HPD Blog

Tuesday, May 11, 2010

Piper Fit test at Buttonwillow Raceway Park, March 15 and 16, 2010.

For our second trip to Buttonwillow, we had a busy agenda. Shake down the new Fit-powered Piper, test some restrictors and put 500 more miles on the Fit engine. Unlike in December, the weather was perfect for testing, with a low of fifty degrees and highs in the eighties. The engine was the same as the one tested in December. It had 2,150 miles on it (270 miles from December, the rest in dyno ECU testing). As in December, we had the help of Robert Podlesni, who handled the driving chores.

Monday was spent getting Robert and the Piper set up; we ran the Goodyear 160 compounds from the first test for the shakedown. Special thanks to Dan Campbell at Vestal race cars for letting us sneak onto his set-up pad. After lunch, we were confident the car and Robert could be consistent and installed a new set of Goodyear 430 compound tires. As we attempted to get some restrictor testing in, Robert reported the fuel pressure rising, so we asked Robert to monitor it. After five more laps, he came in and said the pressure was higher, and that the engine was losing power. We decided to install another set of injectors and this cured the problem. After returning to HPD, we gave the suspect injectors to our materials lab, which confirmed we had clogged two injectors. Researching at HPD, we found debris in the fuel cell and discovered the inline filter was not the specified filter size. We informed our customer representative, Julian Macias, and he alerted our customers that we would be shipping them a new filter. With that under control, we ran some more laps and Robert reported all was well. We ended the day with 134 miles. With everything working properly, we felt confident for Day 2.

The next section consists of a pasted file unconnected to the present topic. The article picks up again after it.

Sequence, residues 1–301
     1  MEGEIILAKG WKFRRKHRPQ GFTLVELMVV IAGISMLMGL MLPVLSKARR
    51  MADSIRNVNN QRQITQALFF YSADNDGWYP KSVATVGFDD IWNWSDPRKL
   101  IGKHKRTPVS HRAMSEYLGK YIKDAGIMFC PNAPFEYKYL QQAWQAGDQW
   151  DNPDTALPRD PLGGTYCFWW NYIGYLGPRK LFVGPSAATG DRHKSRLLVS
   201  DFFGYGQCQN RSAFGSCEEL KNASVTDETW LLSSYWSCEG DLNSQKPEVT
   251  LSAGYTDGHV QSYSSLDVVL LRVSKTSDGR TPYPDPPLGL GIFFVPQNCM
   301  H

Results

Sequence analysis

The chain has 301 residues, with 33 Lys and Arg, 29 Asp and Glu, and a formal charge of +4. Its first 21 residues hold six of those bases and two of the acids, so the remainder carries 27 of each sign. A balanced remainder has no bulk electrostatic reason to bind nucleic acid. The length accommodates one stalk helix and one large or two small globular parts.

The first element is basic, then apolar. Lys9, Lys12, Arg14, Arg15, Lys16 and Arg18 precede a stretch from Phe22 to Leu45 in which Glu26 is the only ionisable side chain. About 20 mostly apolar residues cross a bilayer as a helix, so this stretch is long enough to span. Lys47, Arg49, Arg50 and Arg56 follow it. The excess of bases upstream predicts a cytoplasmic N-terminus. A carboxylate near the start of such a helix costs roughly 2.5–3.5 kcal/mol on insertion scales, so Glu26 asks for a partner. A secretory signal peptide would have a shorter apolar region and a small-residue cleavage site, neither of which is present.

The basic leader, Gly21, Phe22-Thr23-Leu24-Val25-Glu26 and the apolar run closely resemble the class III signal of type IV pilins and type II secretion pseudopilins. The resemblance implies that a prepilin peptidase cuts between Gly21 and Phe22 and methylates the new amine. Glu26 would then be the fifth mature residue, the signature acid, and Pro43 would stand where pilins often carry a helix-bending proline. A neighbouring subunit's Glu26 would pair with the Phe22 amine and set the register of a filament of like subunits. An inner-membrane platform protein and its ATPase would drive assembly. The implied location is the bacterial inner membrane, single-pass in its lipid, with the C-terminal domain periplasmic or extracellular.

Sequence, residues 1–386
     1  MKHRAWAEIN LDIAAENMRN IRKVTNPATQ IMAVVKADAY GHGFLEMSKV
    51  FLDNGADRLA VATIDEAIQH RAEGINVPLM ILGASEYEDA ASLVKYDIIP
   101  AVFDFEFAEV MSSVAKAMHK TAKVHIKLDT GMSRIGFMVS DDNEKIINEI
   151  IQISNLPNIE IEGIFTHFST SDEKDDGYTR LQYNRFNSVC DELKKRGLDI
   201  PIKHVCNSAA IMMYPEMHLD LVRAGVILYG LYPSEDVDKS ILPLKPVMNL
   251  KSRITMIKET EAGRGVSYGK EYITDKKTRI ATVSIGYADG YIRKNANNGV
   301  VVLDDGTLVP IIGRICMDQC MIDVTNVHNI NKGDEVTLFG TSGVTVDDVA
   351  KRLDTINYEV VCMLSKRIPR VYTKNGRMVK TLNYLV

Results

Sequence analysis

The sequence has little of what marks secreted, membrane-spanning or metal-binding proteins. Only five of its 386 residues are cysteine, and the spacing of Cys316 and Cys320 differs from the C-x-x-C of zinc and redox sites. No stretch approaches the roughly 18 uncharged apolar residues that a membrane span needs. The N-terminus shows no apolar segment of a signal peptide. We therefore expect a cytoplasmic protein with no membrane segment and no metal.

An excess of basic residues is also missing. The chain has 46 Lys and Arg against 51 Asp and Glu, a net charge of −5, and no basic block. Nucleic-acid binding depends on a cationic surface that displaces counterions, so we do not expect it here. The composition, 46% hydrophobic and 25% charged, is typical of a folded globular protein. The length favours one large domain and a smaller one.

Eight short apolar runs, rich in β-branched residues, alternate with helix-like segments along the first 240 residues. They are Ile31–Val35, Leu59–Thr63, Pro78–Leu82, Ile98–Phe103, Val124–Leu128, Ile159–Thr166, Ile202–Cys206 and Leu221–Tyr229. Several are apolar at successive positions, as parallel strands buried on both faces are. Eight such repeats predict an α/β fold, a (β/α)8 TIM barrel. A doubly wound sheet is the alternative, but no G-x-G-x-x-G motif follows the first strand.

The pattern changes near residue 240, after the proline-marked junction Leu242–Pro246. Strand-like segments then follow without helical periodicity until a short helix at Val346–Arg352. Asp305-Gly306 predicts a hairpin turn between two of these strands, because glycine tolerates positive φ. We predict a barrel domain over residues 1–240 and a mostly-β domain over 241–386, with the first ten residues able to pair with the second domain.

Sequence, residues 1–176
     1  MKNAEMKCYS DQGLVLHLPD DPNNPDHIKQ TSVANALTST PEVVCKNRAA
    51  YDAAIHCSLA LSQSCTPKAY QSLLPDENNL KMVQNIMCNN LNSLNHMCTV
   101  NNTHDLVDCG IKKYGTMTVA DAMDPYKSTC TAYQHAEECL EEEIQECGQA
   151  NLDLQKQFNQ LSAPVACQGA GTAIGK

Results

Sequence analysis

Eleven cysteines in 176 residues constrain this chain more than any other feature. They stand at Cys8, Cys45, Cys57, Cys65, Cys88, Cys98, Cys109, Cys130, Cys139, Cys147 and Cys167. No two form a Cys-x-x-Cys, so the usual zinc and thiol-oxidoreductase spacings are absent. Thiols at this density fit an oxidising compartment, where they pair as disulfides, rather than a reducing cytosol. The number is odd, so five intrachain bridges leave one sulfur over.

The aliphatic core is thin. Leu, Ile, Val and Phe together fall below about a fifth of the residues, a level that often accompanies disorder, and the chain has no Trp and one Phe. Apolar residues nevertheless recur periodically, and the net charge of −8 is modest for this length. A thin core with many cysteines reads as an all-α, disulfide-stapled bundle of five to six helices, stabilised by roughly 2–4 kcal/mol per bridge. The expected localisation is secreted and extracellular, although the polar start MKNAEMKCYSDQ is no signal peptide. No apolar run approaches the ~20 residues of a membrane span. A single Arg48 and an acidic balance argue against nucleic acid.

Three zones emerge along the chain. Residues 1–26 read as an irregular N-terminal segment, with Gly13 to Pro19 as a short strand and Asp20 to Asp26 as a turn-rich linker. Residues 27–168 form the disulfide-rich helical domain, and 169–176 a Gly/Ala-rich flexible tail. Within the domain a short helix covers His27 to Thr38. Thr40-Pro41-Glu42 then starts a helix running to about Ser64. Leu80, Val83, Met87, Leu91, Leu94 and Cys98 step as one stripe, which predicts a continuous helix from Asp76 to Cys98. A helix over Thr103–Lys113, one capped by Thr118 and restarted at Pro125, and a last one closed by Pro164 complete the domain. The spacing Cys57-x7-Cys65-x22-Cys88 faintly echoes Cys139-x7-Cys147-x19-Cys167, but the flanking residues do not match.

Day Two dawned bright and sunny. We installed the new tires and ran some laps to get a baseline on the 27.5 mm restrictor. After four timed laps, we installed the 28.5 mm restrictor and sent Robert back out. One-point-three seconds quicker! We added some fuel to bring it back to baseline and installed the 29.5 mm restrictor. This gained us another three-quarters of a second. Crew chief Troy McCall pointed out that the engine sounded better on up shifts, not as lethargic as with the 27.5 mm unit. Robert confirmed this, stating “the engine has come to life. The torque and top end are there now”. However, this still left us a second behind the Vestal on the day. With no more restrictors to test, we asked Robert to perform his standard marathon driving duties, which he did flawlessly. We did three 45-minute stints, followed by a 30-minute run to close the day. We ended the second day with 310 miles, and 440 total. Pretty good test.

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